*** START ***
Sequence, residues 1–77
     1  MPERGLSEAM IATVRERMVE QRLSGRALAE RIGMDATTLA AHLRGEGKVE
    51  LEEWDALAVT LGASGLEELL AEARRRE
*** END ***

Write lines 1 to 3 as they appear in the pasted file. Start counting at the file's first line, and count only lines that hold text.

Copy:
Sequence, residues 1–77
     1  MPERGLSEAM IATVRERMVE QRLSGRALAE RIGMDATTLA AHLRGEGKVE
    51  LEEWDALAVT LGASGLEELL AEARRRE